Folks with complex PTSD from chronic childhood trauma and those with PTSD due to traumatic events, such as a school shooting, have triggers. A trigger is anything that reminds them of a previous traumatic event. It causes a strong reaction, making them feel as if they were reliving the event all over again.
Triggers are ubiquitous in the mental health arena in the form of emotional activation, physical symptoms such as a racing heart, crisis situations and de-escalation, coping skills in psychoeducation, and just about every form of therapy. Our society now uses the term for any mundane experience eliciting any reaction.
Triggers are often considered bad, specifically for those of us who have experienced relational trauma in childhood. Many perceive them as something to avoid, be ashamed of, and either hide from or over-share with others. Most likely within our family environments, our logical responses to pain are transformed into signs of weakness. Others often hear the word “trigger” and think, “you’re crazy,” then diminish our needs as frivolous to break down our boundaries and meet their own needs.
Why We Misinterpret Triggers
When we feel agitated and panicked in response to some stimuli, regardless of what it is, and when all our energies — physical, emotional, spiritual — tell us something is excruciating, it has to be loud. This is because we have learned not to listen.
We are taught not to honor those signals, that the problem is in us for overreacting to something supposedly benign. This is nonsense, yet our parents and others taught us not to trust our perceptions and make accurate meanings of them. These meanings become natural to us because we needed our parents for survival, so we were essentially coded not to listen to ourselves, trust ourselves, or find things that bring us joy and inspire us.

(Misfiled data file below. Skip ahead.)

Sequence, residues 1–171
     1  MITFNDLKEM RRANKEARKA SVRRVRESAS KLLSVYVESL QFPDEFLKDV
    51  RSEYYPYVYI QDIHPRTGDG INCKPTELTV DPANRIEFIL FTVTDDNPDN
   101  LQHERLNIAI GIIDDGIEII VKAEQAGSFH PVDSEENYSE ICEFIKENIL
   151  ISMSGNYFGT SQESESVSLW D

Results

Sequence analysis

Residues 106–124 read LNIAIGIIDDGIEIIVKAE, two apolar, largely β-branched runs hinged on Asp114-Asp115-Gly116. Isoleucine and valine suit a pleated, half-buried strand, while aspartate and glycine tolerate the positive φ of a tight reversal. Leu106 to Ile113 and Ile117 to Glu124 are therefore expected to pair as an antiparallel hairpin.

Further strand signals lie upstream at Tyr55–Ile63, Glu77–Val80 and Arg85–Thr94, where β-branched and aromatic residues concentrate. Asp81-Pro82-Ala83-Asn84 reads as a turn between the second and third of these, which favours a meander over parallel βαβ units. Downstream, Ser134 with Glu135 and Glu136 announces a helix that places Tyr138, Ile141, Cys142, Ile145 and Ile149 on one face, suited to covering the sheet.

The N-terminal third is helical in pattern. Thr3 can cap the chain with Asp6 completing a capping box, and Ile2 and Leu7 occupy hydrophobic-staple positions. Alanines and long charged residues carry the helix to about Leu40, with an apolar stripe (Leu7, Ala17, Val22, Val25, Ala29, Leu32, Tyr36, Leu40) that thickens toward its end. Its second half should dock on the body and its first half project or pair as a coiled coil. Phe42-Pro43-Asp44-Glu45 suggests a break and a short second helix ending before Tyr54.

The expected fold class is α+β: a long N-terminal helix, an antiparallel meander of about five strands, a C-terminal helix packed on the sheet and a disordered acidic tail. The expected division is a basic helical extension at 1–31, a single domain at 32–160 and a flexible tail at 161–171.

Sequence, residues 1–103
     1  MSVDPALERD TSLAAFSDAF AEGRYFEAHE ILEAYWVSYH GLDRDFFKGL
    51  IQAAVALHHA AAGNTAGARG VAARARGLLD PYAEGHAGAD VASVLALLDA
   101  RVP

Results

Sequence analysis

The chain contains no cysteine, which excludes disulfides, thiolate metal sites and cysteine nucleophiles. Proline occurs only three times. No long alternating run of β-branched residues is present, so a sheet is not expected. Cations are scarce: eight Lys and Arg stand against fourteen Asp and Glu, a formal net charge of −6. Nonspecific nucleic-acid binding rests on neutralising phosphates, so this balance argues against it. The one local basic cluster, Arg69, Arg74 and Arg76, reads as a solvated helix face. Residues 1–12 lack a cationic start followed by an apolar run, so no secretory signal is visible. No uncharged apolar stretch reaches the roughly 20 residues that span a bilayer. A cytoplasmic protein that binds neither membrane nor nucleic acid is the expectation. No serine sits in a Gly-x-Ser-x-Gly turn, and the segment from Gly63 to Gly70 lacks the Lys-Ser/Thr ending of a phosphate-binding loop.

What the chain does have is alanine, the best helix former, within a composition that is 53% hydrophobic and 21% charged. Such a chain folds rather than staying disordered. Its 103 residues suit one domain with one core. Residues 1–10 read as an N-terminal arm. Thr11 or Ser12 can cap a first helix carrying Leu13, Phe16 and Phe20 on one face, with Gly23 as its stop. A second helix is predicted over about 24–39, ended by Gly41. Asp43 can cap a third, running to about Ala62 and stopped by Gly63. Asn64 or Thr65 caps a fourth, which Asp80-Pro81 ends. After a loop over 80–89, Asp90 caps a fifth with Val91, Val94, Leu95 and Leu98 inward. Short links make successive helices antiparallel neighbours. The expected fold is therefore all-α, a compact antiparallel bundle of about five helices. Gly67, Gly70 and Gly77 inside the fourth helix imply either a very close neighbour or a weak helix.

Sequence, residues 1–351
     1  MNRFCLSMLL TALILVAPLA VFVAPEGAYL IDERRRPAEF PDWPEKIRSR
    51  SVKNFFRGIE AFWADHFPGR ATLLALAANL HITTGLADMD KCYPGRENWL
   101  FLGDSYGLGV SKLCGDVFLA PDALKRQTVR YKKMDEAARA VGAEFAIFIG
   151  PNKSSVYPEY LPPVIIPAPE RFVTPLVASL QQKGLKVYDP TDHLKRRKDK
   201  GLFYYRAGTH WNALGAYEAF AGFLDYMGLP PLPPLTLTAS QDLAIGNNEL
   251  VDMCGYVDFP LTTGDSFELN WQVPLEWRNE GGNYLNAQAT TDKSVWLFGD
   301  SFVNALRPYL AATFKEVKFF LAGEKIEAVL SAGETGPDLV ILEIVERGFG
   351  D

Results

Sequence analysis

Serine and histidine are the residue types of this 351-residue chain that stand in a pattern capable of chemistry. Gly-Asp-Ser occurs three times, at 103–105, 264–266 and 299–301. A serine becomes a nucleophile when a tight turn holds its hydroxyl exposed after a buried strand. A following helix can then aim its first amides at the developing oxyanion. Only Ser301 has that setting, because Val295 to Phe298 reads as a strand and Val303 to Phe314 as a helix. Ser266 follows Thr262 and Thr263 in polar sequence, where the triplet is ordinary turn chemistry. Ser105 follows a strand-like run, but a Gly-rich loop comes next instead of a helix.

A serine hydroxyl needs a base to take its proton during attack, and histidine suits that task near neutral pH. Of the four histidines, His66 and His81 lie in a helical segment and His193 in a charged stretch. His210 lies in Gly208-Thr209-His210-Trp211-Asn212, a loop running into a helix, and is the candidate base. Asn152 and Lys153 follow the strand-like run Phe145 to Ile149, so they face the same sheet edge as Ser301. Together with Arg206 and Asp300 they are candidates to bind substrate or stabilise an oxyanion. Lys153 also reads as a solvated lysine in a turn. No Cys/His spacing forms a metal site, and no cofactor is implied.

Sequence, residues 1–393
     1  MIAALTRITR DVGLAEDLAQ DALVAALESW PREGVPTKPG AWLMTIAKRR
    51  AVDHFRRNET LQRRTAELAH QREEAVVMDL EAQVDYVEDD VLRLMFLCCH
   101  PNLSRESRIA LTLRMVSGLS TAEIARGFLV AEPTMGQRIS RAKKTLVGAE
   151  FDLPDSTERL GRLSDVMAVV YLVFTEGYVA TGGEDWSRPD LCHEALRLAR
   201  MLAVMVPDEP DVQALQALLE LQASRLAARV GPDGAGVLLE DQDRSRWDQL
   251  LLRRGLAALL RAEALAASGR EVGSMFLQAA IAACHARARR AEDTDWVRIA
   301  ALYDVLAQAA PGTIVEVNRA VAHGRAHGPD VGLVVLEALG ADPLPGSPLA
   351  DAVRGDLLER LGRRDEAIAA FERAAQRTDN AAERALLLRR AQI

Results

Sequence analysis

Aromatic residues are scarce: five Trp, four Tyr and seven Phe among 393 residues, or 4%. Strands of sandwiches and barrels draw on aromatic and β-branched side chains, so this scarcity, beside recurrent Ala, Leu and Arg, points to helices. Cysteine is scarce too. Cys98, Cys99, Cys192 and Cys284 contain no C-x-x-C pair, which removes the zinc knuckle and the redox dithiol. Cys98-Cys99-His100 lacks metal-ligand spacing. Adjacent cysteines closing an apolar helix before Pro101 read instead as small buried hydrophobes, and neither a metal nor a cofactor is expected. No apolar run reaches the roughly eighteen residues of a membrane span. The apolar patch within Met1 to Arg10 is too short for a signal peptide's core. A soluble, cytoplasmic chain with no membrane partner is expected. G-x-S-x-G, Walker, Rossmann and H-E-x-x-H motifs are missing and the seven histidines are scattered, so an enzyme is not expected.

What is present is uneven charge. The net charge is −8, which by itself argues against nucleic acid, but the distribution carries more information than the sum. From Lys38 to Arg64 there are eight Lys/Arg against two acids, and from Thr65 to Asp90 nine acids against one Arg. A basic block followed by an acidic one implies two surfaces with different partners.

It can take a lifetime to recognize that these meanings for our pain are illogical. This is why it is essential to work with a therapist who can effectively support you and help you notice that your perception is skewed in ways that make you feel invalid and offers little language or meaning for inspiration, peace, or contentment.
Learn to Listen to Your Feelings
The next time you feel triggered, take a moment to step back internally and observe what is happening in your body biologically. Notice your first response to these sensations — is it a desire to make them go away as fast as possible?
What kind of images do these sensations bring to mind? Perhaps a boot on the chest, frozen, pulsing. A leap into a hot cauldron of stew? That’s some of my own internal imagery, but what is yours? You may be able to assign a body movement with the experience.
Next, look around, assess the facts of the situation, and overlay them on the imagery. Do they fit together? You may have to play with it, but you’ll know whether it works.
What Our Past Experiences Can Teach Us
I know that something fits because I recognize it the same way I experienced the feelings I had at 12 years old at a community center dance when they played Billie Jean by Michael Jackson. I recognize the sensations the song evokes even though it took me a while to remember the dance intellectually.
This process helps me make sense of my current experience by way of that past experience. Billie Jean elicits both joy and pain for me; joy from being one with the music and pain from the intense loneliness of keeping family secrets and hiding my distress. Now, when I recognize those sensations at other times, I can tap into my body telling me that I might be experiencing loneliness or a lack of connection, and I find ways to connect with others.
When we honor the messages our senses offer and learn to recognize them with increasing refinement, we develop our own glossary and know how to meet our needs in those times. When we meet our needs, those triggers don’t have to get so loud, building trust in ourselves and gaining a more nuanced sense of self. This is where you will find the center of you.